At its meeting Tuesday night, the Berkeley City Council considered a program that would require drunk driving offenders to pay the expenses associated with their crime.
The program — which was implemented in Oakley, Calif., earlier this year — aims to reduce the thousands of dollars in fees the city pays each time a drunk driver gets into an accident. The penalty would only apply in cases where the accident necessitates emergency response.
But concerns and questions from some council members prevented the passage of the proposal, which was instead forwarded to the city’s Peace and Justice Commission for review.
DUI payments result from a range of costs accumulated from the number of responding police officers, time spent in jail, towing charges, injuries and responding ambulances or fire trucks, according to Berkeley Police Department Officer Jessica Nabozny.
Councilmember Gordon Wozniak said the proposal is “opening a new can of worms” for the city’s judicial system, as people will undoubtedly question the accuracy of the fees and clog the courts with appeals.
“It creates a new punishment,” he said. “People who are convicted of the crime are not just penalized by a fine or jail time — there would be a new economic penalty.”
But Councilmember Kriss Worthington, who sponsored the resolution, said the proposal not only benefit the city by reducing costs but would also discourage drunk driving.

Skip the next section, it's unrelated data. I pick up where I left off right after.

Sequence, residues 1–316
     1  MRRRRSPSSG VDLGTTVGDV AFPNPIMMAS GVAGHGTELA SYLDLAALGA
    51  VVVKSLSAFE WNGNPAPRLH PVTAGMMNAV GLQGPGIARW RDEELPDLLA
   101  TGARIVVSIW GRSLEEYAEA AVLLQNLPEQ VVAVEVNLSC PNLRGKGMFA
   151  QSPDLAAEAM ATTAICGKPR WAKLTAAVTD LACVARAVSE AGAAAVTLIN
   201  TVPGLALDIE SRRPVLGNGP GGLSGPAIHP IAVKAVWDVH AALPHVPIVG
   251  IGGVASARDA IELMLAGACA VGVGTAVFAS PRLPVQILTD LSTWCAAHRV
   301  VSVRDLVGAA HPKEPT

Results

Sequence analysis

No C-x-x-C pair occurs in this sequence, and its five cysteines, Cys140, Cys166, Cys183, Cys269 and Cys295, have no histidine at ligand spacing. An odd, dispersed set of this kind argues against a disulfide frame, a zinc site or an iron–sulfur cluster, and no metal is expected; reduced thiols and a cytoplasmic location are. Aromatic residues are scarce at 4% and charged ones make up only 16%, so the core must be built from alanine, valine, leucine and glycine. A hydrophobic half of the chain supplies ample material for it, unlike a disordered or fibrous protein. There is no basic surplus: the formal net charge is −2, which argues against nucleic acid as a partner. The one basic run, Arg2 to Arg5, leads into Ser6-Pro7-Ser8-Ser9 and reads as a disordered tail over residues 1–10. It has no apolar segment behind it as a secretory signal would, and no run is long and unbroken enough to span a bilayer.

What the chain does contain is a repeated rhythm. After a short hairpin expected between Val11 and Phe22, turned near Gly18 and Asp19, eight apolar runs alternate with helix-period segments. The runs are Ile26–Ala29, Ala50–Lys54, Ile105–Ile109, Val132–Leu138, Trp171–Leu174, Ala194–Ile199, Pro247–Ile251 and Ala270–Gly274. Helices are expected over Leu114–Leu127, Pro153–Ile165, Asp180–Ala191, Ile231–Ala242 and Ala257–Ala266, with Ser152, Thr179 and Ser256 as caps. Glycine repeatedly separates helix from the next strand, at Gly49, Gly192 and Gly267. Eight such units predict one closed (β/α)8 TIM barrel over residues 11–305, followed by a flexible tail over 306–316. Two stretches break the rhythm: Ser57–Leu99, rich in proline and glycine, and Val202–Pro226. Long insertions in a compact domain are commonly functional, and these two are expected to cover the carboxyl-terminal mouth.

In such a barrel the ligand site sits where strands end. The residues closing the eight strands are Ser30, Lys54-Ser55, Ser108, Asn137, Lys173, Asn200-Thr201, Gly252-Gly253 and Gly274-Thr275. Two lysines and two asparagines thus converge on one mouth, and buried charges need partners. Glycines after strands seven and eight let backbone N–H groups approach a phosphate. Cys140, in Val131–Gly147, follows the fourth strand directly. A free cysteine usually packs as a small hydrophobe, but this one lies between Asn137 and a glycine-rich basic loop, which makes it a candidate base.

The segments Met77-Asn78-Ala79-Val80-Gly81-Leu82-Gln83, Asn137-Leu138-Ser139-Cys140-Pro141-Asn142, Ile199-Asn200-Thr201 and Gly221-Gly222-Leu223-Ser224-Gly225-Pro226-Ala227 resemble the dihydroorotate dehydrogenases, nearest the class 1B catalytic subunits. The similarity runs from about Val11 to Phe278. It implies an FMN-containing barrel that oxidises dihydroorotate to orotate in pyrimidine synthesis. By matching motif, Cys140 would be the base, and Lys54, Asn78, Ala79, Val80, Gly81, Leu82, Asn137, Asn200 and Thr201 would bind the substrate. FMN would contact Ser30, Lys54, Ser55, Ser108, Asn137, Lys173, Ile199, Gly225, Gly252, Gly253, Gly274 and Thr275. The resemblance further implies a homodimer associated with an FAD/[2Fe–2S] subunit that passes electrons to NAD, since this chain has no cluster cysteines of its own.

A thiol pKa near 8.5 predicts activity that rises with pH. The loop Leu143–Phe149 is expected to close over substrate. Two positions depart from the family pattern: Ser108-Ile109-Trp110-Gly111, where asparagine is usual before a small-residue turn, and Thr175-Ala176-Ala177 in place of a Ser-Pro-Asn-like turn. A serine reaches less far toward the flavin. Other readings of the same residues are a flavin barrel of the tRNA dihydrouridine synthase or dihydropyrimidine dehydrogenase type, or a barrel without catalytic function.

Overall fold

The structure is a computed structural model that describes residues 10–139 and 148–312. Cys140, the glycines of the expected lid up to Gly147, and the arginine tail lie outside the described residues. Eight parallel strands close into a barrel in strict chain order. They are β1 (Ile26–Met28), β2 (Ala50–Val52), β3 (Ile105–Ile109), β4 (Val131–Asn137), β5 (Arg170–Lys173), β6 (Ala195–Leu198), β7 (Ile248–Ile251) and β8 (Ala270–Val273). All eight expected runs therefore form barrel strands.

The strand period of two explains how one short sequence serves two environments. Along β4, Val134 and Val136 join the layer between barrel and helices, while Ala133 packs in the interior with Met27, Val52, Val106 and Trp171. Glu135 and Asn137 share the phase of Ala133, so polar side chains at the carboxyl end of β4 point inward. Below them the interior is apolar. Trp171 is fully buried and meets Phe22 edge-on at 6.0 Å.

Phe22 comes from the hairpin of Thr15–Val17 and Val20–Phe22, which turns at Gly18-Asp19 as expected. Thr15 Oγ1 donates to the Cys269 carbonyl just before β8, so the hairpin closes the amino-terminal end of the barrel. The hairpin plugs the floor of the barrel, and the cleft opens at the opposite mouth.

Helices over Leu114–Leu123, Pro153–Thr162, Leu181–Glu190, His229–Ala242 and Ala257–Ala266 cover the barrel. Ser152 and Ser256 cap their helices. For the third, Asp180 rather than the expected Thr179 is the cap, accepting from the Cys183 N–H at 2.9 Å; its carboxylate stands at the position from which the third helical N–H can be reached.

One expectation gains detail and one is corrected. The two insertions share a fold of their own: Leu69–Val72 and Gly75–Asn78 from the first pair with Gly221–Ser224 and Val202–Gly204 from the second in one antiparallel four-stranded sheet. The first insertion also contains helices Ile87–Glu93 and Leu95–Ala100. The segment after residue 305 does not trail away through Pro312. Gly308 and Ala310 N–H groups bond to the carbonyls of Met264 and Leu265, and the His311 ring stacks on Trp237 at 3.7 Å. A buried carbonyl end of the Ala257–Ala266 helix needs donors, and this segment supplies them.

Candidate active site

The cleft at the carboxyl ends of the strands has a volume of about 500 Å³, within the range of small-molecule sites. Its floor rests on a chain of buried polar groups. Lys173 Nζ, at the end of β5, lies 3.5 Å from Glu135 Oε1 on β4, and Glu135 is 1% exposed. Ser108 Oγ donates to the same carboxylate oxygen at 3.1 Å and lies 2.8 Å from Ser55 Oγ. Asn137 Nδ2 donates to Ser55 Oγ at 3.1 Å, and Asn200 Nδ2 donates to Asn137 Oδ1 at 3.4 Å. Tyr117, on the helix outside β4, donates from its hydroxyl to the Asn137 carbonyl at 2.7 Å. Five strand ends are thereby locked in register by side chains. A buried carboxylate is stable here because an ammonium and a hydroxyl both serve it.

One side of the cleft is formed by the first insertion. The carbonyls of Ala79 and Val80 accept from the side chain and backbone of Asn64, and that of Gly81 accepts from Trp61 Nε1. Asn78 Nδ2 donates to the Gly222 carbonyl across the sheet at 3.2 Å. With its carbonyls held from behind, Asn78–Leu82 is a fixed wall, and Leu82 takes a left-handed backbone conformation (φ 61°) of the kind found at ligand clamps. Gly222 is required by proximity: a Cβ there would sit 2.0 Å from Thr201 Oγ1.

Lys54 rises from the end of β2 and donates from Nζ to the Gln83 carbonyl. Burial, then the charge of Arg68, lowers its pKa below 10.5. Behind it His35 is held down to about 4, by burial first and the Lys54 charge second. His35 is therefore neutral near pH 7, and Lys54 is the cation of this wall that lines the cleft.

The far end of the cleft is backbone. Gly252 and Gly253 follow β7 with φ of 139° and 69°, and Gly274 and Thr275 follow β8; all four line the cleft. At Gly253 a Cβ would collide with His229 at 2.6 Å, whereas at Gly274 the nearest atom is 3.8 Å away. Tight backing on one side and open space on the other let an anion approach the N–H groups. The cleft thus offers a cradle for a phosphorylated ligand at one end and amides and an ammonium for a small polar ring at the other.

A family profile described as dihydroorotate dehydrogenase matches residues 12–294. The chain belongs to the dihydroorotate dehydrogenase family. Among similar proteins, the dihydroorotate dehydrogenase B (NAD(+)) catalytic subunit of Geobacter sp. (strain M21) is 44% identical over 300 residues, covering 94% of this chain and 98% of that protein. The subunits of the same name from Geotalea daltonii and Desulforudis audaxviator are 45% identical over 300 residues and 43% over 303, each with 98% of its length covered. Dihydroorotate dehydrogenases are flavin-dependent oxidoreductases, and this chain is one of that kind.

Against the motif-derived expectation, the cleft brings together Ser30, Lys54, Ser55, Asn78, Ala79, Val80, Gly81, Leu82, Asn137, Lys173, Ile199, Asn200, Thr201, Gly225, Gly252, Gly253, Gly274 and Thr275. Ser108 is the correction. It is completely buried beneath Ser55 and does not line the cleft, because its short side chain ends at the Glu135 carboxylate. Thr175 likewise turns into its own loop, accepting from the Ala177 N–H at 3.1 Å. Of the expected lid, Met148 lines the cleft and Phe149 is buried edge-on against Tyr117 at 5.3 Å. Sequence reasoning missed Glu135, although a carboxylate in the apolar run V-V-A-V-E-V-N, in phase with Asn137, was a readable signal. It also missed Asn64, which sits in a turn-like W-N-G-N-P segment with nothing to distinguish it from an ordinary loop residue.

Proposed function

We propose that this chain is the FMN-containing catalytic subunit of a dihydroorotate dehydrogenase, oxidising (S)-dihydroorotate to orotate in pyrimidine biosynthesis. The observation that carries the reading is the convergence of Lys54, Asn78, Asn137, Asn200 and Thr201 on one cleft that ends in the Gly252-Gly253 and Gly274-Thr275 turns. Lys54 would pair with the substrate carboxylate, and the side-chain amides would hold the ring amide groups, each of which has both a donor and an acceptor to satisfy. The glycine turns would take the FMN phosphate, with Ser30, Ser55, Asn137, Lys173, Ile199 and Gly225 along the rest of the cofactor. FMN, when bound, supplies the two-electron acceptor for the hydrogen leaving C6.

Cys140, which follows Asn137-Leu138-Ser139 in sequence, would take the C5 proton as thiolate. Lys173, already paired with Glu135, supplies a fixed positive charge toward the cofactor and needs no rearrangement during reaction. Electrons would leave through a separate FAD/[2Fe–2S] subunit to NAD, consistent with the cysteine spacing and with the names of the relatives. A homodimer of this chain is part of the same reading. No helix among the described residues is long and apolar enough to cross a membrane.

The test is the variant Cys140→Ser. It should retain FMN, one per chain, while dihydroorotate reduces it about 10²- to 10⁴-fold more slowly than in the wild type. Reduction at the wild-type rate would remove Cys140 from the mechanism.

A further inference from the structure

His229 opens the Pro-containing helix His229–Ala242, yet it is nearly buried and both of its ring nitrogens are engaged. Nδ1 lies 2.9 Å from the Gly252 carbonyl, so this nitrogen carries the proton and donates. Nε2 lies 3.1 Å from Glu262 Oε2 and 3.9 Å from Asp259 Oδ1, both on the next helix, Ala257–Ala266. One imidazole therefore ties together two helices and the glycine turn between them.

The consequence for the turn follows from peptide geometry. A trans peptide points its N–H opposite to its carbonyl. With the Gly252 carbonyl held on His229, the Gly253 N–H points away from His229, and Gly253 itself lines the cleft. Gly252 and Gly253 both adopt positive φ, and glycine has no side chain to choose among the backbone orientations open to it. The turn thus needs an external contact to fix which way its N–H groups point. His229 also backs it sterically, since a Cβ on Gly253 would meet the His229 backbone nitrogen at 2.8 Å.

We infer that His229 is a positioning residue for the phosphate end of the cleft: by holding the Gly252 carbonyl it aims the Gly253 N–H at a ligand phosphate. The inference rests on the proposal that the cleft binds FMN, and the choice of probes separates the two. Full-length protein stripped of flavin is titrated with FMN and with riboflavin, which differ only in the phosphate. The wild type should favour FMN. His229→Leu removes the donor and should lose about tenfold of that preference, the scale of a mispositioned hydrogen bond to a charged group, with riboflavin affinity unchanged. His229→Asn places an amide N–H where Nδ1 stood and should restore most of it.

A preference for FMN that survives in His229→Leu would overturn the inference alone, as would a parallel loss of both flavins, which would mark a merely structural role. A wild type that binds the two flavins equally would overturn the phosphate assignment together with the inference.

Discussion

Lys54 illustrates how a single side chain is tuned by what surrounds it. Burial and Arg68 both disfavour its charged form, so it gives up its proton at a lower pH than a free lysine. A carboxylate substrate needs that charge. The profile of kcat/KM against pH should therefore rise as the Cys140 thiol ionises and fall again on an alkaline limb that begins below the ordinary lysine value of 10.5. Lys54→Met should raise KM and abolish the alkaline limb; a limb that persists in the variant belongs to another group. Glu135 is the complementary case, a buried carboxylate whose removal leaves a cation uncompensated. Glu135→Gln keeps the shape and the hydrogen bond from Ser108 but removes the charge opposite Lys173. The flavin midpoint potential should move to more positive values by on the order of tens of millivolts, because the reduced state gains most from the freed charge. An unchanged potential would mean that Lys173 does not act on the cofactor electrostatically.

“To some people, money talks, and that is what they listen to,” Worthington said. “If there is more of a penalty — like thousands of dollars — for DUIs, people are less likely to get them.”
He said the proposal only affects DUI cases when an accident or damages have occurred. He added that the driver’s fees could range from a couple hundred dollars to $12,000.
Oakley Finance Director Paul Abelson said that since the program’s adoption in February, about five people have been subject to paying emergency response charges. In all of the cases, the city has not yet received payment from any of the people charged with DUI despite numerous invoices and bills sent to their homes.
Moving forward, the city must calculate whether collecting payments for the crimes outweighs the fees that are needed to collect the money, said Berkeley City Attorney Zach Cowan.
“There are a lot of questions, like who is going to collect, and are they going to be doing that instead of patrolling the streets,” Cowan said. “Also, you obviously cannot collect money from people who do not have the money.”
Worthington said alternative methods of payment like community service may be an option for people with lower incomes.
The Peace and Justice Commission is set to send the proposal back to the council within the next six months.
“Everyone can agree drunk driving is bad and that the penalty should be high, no one argues that” Wozniak said. “But is it constitutional to charge (people) the costs for the crime?”